Rice casseroles: will they eat it?

I am shamelessly stealing the ‘will they eat it’ idea from Andrea here because 1) it’s a great idea for a blog post and 2) who doesn’t constantly think and worry about dinner? And what’s more, is the effort of making dinner going to be appreciated, and actually eaten, by the minions in your house?


Yesterday’s dilemma was this:

  • both kids had an activity at 5:30
  • only one parent was available to drive them (me, aka ‘the cook’)
  • neither kid wanted to eat at 4:30 which meant dinner at 7 pm, at which point I wanted to eat not start cooking

What’s easy and quickly reheat-able?


When you think casseroles, chances are you think pasta. Those are quick to make and prepare ahead of time, easy to freeze and pop into the oven at a moment’s notice, versatile with a variety of ingredients, simple to reheat if need be, and often leave some for thermos school lunches the next day.

Most people like, even love, pasta dishes. Right?

Except. The adults in this house don’t want to eat pasta four times a week, despite what the kids might say to that.

So I invented a rice casserole. Actually, I invented two.

But first, I picked the brains of two friends, one of whom has a blog and talks about food. The other has a brand new kitchen and cooks much like me, and often temps me with photos of her own creative masterpieces.

With their help, I came up with these two rice casseroles:








Looks appetizing, right?

But the big question is: Did they eat it?

Well, you tell me…








Surprisingly (to me), it was a great success despite my 7th grader complaining he already had rice for lunch at school. He is neither a rice, nor a potato fan (but would eat pasta every day if I let him).

Well my boy ate two plates. Ha!

I will make these, or similar versions, again. BTW, my worry that the rice would get too soggy was futile. I used two types of rice and precooked it first before assembling the rest of the ingredients. The baking was more of a re-heat function than a cook function, and served to melt the cheese I sprinkled on top.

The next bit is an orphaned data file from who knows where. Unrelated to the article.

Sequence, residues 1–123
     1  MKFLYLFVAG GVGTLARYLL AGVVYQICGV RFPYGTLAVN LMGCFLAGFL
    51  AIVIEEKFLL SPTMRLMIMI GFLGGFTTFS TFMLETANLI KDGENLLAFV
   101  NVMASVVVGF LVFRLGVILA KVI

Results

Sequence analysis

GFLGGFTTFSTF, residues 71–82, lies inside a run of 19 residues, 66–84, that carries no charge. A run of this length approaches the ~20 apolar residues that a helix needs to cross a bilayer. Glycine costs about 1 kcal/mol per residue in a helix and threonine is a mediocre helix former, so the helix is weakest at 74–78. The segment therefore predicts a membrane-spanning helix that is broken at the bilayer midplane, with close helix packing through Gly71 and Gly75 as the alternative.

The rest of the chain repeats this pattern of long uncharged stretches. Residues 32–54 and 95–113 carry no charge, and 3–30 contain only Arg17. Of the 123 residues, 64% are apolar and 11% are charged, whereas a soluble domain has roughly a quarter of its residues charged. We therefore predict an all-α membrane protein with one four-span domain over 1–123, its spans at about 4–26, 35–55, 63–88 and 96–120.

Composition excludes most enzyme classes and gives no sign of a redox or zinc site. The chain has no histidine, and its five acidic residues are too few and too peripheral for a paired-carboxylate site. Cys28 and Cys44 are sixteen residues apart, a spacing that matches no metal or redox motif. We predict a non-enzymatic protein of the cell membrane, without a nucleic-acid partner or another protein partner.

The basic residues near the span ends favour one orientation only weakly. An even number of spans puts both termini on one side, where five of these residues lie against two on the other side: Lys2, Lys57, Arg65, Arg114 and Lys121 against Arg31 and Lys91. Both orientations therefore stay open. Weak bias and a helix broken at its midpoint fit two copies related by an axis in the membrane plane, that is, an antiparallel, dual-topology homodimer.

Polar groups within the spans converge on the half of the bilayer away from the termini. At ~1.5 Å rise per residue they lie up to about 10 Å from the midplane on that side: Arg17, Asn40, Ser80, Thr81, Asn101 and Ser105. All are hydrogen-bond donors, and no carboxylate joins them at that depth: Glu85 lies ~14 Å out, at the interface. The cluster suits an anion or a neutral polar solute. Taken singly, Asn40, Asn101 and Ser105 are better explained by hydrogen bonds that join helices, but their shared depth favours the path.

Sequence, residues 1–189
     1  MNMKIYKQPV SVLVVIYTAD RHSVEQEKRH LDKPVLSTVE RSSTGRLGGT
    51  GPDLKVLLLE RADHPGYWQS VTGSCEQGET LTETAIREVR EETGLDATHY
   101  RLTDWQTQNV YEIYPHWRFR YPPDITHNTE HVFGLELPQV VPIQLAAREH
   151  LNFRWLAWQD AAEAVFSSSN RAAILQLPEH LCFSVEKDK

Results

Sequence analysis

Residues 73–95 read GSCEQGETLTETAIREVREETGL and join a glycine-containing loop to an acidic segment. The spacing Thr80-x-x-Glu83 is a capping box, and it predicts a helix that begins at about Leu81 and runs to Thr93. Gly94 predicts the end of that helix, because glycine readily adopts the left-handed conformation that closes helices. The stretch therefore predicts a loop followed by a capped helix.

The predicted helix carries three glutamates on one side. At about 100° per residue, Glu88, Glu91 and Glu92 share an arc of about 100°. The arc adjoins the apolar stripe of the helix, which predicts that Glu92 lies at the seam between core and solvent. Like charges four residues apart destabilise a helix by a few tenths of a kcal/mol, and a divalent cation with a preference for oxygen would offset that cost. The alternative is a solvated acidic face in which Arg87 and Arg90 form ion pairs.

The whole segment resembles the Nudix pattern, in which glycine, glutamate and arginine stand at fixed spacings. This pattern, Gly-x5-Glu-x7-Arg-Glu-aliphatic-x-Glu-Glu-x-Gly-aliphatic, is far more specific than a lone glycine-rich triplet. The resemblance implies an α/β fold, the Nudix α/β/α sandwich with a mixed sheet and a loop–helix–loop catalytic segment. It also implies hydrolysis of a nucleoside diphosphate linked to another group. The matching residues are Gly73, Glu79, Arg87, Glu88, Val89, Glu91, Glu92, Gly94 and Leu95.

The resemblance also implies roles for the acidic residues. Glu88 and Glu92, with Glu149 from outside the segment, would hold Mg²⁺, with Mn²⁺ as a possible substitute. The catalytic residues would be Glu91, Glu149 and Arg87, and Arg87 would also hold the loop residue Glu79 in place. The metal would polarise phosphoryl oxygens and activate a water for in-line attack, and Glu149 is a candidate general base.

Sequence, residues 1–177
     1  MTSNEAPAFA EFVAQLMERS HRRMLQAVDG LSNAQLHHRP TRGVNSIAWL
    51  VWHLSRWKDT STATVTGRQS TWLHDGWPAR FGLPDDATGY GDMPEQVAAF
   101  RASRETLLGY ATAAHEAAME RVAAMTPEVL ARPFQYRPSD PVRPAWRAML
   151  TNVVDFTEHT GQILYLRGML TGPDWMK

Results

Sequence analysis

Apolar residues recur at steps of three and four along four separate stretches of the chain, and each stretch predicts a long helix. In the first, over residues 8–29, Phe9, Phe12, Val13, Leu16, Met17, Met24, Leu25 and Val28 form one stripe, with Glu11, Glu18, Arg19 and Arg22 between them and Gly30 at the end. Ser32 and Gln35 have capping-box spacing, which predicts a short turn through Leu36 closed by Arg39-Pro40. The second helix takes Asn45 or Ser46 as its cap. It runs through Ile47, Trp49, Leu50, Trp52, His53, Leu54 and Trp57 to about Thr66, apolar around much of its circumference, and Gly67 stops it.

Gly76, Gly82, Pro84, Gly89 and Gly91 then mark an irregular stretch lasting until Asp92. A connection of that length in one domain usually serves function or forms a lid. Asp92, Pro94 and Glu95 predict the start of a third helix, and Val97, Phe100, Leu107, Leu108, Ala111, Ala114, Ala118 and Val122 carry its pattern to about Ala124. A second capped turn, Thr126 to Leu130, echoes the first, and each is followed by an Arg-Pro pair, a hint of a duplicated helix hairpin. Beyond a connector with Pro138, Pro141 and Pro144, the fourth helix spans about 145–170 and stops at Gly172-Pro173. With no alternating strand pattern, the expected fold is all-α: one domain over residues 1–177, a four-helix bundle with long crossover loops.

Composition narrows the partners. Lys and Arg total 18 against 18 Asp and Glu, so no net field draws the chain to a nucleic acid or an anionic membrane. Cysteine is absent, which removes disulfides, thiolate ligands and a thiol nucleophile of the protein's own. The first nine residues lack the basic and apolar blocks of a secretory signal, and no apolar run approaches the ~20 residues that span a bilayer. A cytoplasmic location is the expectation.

But I did learn a few things:

  • I used a whole grain rice, and Arborio (the type used for risottos). They hold their shape better than, say, Basmati or Jasmin, which I probably would not use for casserole making. I used a wild rice mix from Costco (Lundberg wild rice blend) for one dish, and the Italian Arborio for the other.
  • My family prefers their cooked vegetables slightly crunchy (i.e. steamed or almost raw), so I used fresh cauliflower and green beans instead of frozen. Broccoli would probably suit well here, too.
  • Cheese can be added or omitted, but I would probably not drench the casserole with it. I used a hard cheese (grated Asiago) and a firm, old cheddar, not mozzarella which would suit a pasta meal better in my opinion.
  • For protein I used turkey breasts pre-cooked in a bit of white wine and with lots of healthy turmeric (and the usual onions and garlic). Plus bacon. Bacon almost always converts a kid to like a dish. 🙂 (Chicken, or even stewed beef, could be a nice addition as well.)
  • I may experiment with Asian flavours next time, or perhaps switch up the grain to Quinoa or Bulgar.

My original plan was to freeze one of the casseroles, but I ended up making both and leaving them in the turned off, but still warm, oven. It was good I made both, the family was starving!

I have no idea if rice like this freezes well, so feel free to chime in with your experience.

What do you think? Would you make a casserole with rice, like these?



Share your thoughts!

Fill in your details below or click an icon to log in:

WordPress.com Logo

You are commenting using your WordPress.com account. Log Out /  Change )

Google photo

You are commenting using your Google account. Log Out /  Change )

Twitter picture

You are commenting using your Twitter account. Log Out /  Change )

Facebook photo

You are commenting using your Facebook account. Log Out /  Change )

Connecting to %s

This site uses Akismet to reduce spam. Learn how your comment data is processed.